There are two different types of tests for toxoplasmosis, one that shows if you have an active infection, and one that shows if you have ever been exposed.


IgG and IgM antibody tests are the standard…

Problem is, I preeeeetty much REFUSE to stop taking my psych drugs, and, if their success is due to anti-T. Gondii effects… would I even show up positive for antibodies, if they meds are already keeping the levels low?

Maybe testing cerebrospinal fluid and / or brain biopsy.

Other randomness:

For me, personally, 24 cats growing up (indoor, outdoor, indoor/outdoor, feeding the feral cats) AND my family having a HUGE taste for undercooked meat…

Just seems likely.
My mother also has a great deal of ocular problems resembling those associated with T. Gondii, and the parasite passes on to the child in the womb…


Can you give us practical instructions what to do to improve our condition?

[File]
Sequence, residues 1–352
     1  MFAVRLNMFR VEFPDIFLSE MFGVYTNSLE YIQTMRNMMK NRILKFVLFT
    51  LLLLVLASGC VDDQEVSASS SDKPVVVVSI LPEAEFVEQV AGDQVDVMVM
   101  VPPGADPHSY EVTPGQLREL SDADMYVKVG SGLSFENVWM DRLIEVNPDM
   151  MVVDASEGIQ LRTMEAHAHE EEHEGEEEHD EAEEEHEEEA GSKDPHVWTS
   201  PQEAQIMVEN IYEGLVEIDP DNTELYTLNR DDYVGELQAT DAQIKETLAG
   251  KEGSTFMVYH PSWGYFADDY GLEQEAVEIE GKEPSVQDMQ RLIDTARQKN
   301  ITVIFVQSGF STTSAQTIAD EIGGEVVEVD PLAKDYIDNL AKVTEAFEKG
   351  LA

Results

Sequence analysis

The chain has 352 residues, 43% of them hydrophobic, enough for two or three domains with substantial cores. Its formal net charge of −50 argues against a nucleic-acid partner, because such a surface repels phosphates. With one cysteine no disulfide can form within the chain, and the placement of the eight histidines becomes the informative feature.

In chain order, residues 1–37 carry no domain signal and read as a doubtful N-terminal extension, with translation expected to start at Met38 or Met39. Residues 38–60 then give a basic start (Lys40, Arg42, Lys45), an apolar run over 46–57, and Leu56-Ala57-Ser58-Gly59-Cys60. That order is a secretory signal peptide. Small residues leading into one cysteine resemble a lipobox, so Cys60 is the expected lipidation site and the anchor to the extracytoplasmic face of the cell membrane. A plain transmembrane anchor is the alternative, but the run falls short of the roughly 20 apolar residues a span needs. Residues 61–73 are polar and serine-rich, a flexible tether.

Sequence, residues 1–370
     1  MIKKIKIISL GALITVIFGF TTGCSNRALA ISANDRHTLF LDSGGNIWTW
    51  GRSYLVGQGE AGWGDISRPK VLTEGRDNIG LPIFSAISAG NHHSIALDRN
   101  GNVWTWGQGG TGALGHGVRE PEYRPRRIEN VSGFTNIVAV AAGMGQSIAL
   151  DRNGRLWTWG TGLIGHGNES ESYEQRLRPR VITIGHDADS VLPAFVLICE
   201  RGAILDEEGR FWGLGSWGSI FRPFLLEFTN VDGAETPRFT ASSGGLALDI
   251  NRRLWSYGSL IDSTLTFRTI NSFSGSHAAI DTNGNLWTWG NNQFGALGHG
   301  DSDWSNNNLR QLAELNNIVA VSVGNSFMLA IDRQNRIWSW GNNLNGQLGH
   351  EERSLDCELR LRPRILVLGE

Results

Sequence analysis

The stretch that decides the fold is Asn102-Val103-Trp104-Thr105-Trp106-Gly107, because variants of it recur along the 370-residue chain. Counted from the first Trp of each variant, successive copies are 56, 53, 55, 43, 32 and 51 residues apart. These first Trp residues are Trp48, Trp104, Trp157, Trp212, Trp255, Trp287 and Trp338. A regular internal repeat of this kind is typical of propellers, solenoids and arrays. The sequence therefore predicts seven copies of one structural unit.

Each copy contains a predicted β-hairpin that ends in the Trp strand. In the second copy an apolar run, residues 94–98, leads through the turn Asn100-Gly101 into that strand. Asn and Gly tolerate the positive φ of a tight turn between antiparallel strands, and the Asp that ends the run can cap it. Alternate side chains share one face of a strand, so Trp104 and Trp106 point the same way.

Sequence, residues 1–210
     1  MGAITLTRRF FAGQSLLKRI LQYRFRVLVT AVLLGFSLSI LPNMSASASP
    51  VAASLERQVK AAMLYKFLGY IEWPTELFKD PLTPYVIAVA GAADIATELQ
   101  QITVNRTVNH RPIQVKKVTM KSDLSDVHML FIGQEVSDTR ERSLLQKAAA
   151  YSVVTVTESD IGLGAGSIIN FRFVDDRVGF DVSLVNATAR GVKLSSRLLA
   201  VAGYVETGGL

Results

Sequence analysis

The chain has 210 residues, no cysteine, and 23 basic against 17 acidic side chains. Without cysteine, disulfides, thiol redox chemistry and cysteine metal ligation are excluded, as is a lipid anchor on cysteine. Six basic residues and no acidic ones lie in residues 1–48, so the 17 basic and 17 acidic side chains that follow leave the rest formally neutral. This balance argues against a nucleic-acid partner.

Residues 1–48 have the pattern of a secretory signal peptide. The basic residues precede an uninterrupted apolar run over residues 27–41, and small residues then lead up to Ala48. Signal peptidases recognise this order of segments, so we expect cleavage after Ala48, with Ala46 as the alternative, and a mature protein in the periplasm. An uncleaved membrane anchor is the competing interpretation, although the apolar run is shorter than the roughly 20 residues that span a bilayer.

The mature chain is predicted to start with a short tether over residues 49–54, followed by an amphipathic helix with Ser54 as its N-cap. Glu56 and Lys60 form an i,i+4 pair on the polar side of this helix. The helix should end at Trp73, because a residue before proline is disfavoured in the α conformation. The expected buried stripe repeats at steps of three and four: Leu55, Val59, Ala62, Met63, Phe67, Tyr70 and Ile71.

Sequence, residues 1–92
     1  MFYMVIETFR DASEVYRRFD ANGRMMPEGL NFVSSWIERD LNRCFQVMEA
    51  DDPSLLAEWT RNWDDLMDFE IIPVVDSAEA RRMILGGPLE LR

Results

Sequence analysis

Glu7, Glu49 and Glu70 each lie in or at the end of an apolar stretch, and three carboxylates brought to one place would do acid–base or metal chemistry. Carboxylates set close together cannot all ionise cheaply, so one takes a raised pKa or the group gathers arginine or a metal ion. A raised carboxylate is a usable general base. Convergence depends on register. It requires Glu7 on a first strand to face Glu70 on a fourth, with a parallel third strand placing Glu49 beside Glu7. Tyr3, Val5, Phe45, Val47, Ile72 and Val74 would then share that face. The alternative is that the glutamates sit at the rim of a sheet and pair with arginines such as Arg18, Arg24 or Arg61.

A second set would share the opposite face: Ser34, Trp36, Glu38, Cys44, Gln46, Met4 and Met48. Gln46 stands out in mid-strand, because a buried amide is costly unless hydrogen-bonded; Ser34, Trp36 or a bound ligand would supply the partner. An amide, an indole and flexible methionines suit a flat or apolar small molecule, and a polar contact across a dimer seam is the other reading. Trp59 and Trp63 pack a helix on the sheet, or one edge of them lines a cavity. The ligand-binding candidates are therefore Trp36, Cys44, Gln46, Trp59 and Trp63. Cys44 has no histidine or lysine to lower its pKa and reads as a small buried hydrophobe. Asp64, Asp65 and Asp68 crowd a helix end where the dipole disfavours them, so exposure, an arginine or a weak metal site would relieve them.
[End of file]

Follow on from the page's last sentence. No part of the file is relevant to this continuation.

I cannot, legally nor morally.
Was mainly coming here to share the T. Gondii data in the hopes someone with the financial means to… persuade… OHSU in Portland Oregon to give them a trial on the ELQ-271 / ELQ-316

What I’m doing for myself is
clozapine 450 mg / day (might go higher)
lithium 600 ER / day
adding in propranolol DAILY for its anti-toxoplasmic effect at 120mg / day

NAC / inositol… etc…

ECT if clozapine fails or is not sufficient (Leaning towards this for my next step, seems like it could be a useful booster, especially with that brain DNA demethylation, just like clozapine / amisulpride)

the propranolol effect
the ELQs (endochin-like-quinolones)

DOES ANYONE know if there is a NEW demethylation tool around? Everything recent seems to be experimental and only tested on mice, so far, that I can find…

This one has been noticed recently: